Don’t be fooled by the hollow statements of the past few weeks.

In the days after the Jan. 6 violent attempted coup on the nation’s Capitol, Wall Street’s calls to “end the violence” and its oblivious and cliched claim that our country is somehow “better than this” rang even more hollow than usual. Wall Street is not “better than this.” Megabanks and private equity firms not only supported Donald Trump throughout his campaign and his four years in office, but they’ve also financially backed white supremacy through political donations. For that reason, Wall Street is complicit in the violent, white supremacist-led attempted coup on the nation’s Capitol. It is now time for Wall Street to open its books to a sedition audit—a public accounting of all its political donations and to show whether Wall Street banks have supported white supremacist organizations through their depository or financing platforms.

There is much to be accounted for and held accountable for. The American Bankers Association (ABA), a banking industry lobbying group, is the second-largest donor to the 147 Republicans who voted against certifying the 2020 presidential election vote. But it doesn’t stop there, as reported by the Center for Responsive Politics, the ABA donated to the Freedom Fund PAC, which supported the troubling actions of congressional representatives like Rep. Lauren Boebert, who alerted the violent, insurrectionist mob of the secure location of House Speaker Nancy Pelosi during the attack on the Capitol. In addition, the ABA donated to the Patriots in Action PAC, which supported Donald Trump’s “stop the steal” efforts. And it doesn’t stop there. Charles Schwab Bank and Wells Fargo are amongst the largest donors to Sen. Josh Hawley, who was the first Republic Senator to announce he would challenge the election certification.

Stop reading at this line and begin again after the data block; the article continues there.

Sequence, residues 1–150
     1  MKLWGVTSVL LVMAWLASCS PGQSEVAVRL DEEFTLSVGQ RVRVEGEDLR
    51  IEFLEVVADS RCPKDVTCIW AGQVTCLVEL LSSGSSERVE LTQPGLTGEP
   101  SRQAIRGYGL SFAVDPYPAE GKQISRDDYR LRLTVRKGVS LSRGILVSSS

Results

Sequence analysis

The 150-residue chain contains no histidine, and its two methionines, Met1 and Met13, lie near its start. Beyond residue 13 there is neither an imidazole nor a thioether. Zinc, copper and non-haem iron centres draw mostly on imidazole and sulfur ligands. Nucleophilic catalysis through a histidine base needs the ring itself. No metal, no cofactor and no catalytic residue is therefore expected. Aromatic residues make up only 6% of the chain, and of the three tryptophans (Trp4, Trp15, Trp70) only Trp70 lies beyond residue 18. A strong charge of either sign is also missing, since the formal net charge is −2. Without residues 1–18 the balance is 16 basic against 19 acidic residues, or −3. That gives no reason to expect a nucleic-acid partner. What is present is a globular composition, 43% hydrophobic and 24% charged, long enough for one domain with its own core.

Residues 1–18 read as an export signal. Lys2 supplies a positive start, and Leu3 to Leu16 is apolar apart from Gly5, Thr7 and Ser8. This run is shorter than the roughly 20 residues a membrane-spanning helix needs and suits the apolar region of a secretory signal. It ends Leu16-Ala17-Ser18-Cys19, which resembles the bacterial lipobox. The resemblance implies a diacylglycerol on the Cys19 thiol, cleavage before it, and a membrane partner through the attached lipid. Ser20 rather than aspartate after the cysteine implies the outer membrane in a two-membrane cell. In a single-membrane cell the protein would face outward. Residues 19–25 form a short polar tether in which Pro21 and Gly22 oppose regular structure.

The violent attempted coup on the Capitol is not the first Wall Street-backed act of white supremacy. After all, banks financed the slave trade, redlined neighborhoods, and continue to discriminate against Black, Indigenous, and People of Color. This is the business of Wall Street.

Wall Street banks claimed to have suddenly found their moral center after the coup failed, with JPMorgan Chase Inc. and Citigroup Inc. announcing plans to halt political donations to both parties. The big banks are hoping to jump off a sinking ship and wash themselves of the stench of the events of Jan. 6, where five people died, including a Capitol police officer.

Wall Street has an ugly history of white supremacy. For the good of our democracy, it’s important that Wall Street banks face this history and take corrective measures now. Internal audits just won’t do. We need to see their books and business dealings. A sedition audit that discloses all political contributions made, including donations made directly, through all subsidiaries and executives, and through PACs to Trump and the 147 lawmakers who voted to overturn the election, needs to be the starting point. But it can’t stop there. Restitution must be made for the harm Wall Street has caused. And, the only way to do that is a full and transparent accounting of that harm to the communities who have borne the brunt of it. Otherwise, Wall Street will go back to business as usual.

By Paulina Gonzalez-Brito and Maurice BP-Weeks, co-executive director and co-founder of the Action Center on Race & the Economy (ACRE).